Take Me Out to the Ball Game: A Musical Classic

Take Me Out to the Ball Game. Courtesy of MGM/Warner Bros.

Frank Sinatra and Gene Kelly star as a pair of baseball players who moonlight as vaudeville comedians in Take Me Out to the Ball Game.

It’s late in the first decade of the 1900s when part-time vaudeville comedians Eddie O’Brien (Gene Kelly) and Dennis Ryan (Frank Sinatra) make the way to Florida to train for the upcoming season. When they’re not performing vaudeville, they are the shortstop and second baseman for the Chicago Wolves, respectively. A lot of humor comes shortly after their arrival when they don’t realize that K.C. Higgins (Esther Williams), their new owner, is a female. O’Brien just lets it loose upon trying to woo her as his next girl. From here on out, there’s a solid mix of comedy and humor. I absolutely love that Higgins coaches O’Brien into being a better batter. Like here’s this woman who knows more about hitting the ball than the shortstop does!

There’s no way that Eddie O’Brien and K.C. Higgins would be able to go out with each other in this era. Not with all the scrutiny and charges of favoritism that would come with a player dating an owner. The fact that both Eddie and Dennis go after K.C. speaks to how important it is for these films to have a love story let alone a love triangle. If you think Dennis is going to end the film without anyone, don’t worry as a fan, Shirley Delwyn (Betty Garrett), has an interest in him.

I can’t say I’m surprised that there’s also a subplot in the film dealing with gambling on professional baseball. Funny enough, this is one of those situations that predates the Chicago Black Sox and the movie’s fictional team plays in Chicago! When you know as much about baseball history as I do. it’s one of those moments where you can’t help but appreciate the coincidence. Obviously, there’s no Shoeless Joe Jackson on the team and it’s not like any of the players here are guilty. It’s more that the ruthless Joe Lorgan (Edward Arnold) has so much money invested in the Wolves losing that he’ll do anything to earn the big bucks.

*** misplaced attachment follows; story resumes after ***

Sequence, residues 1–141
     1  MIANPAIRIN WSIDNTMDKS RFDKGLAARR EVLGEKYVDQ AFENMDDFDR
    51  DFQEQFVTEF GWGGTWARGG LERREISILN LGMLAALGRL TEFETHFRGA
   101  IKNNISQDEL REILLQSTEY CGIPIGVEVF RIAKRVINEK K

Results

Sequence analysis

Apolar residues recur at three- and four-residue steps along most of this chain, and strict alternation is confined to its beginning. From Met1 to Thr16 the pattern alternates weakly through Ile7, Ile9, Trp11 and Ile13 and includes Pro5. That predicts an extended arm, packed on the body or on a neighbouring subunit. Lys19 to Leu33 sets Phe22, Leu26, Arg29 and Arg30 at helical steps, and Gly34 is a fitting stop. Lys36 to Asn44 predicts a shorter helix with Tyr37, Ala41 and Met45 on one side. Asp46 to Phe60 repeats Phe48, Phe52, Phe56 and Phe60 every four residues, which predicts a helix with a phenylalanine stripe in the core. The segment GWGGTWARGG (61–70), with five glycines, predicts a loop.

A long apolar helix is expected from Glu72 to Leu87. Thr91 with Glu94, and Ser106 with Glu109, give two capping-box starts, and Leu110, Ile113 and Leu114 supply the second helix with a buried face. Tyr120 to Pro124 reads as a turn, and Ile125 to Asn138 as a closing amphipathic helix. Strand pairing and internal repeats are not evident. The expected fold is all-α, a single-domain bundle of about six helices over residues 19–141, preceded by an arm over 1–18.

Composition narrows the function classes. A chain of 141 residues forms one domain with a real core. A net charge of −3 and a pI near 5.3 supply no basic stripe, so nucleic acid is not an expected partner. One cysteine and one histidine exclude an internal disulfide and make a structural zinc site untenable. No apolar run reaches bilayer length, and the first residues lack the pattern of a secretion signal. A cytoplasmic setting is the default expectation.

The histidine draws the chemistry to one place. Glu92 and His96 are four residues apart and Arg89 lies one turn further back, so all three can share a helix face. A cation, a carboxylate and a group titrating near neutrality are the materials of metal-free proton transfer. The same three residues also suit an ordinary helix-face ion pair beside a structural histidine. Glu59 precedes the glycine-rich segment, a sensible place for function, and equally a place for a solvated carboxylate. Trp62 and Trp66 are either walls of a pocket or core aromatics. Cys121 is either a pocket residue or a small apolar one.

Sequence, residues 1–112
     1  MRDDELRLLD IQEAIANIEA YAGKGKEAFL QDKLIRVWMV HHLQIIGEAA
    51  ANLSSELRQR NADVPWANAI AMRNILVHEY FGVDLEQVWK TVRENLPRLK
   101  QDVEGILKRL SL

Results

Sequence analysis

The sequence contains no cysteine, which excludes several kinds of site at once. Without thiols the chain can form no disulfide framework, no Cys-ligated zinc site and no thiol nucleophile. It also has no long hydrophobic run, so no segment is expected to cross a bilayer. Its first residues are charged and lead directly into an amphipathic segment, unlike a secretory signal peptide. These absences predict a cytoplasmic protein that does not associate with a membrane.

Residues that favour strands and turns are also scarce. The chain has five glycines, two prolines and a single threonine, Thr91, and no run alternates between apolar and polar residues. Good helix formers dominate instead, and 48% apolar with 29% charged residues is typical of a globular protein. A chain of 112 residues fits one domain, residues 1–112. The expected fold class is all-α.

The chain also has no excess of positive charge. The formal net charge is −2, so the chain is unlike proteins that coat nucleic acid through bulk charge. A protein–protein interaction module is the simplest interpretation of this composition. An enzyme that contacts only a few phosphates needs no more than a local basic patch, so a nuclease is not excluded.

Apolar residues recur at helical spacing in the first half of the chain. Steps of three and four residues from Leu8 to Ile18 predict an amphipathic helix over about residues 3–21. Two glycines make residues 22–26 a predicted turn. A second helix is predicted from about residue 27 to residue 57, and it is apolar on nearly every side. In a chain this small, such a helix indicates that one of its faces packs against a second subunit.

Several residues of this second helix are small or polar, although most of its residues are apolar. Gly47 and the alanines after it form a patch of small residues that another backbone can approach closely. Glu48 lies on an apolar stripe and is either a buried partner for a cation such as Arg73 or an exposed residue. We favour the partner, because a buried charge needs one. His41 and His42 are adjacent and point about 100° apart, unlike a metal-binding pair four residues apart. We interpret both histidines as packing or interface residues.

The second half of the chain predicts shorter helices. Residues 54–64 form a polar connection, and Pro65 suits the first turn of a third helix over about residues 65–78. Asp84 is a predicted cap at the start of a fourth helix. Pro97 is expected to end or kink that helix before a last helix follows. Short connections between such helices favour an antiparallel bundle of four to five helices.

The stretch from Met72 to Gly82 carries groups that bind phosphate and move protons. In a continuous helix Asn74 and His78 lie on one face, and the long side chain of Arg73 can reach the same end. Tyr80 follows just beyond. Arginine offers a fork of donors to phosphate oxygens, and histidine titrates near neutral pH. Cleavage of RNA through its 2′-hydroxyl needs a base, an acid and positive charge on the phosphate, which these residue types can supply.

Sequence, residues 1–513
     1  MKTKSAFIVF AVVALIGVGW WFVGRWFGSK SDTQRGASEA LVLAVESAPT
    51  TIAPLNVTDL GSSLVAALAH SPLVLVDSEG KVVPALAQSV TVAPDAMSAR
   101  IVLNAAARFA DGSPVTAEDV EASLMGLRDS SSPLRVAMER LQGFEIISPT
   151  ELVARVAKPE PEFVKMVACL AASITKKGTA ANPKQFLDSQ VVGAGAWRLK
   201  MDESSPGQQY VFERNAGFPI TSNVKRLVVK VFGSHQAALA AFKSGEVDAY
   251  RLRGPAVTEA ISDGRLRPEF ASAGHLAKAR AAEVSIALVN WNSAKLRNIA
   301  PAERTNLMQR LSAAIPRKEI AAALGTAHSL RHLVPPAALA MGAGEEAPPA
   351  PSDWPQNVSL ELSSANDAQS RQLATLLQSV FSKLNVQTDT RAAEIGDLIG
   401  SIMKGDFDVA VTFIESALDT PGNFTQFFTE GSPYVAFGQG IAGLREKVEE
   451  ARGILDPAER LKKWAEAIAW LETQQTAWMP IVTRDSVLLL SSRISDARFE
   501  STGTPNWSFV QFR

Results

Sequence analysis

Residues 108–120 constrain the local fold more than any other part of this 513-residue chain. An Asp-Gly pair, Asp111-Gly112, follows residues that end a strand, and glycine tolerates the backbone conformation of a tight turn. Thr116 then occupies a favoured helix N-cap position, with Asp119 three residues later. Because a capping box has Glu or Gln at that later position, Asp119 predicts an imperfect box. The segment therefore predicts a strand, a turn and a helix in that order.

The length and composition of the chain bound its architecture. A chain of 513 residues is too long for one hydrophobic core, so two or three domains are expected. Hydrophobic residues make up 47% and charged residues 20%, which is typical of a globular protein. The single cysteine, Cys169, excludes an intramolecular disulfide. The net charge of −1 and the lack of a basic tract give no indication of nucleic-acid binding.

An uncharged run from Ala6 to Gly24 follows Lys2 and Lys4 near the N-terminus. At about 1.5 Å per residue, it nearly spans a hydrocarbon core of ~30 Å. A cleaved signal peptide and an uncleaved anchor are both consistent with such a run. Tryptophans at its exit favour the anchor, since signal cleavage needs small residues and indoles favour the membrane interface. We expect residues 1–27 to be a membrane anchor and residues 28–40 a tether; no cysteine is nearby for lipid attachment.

The classic baseball song, “Take Me Out to the Ball Game,” kicks off the film makes another appearance when Williams reprises during her one swimming number. The first rendition of “Strictly U.S.A.” offers a show stopping number just shy of an hour into the film. I’m wondering if this would be the second-act opener on Broadway if not the end of the first act? In any event, it’s such an entertaining show-stopper. We’ll see it again during the finale where the song also gets meta.

Busby Berkeley may be credited as the film’s director but Gene Kelly and Stanley Donen did much of the work. While Kelly and Donen are credited with the story, the film is also a remake of a 1930 musical, They Learned About Women.  Meanwhile, musical star Esther Williams became a late addition to the film’s cast. Both actresses (Kathryn Grayson, Judy Garland) she replaced get a mention during a song that bookends the film at the end. As such, there’s not really an opportunity to feature her in an aquatic set piece. Behind the camera, producer Arthur Freed does what he can to make fans happy. Alas, the film’s plot doesn’t really work for aquatics. We get a swimming sequence at the hotel where Williams sings and that’s it. It’s a shame because this film is my first introduction to the work of Esther Williams.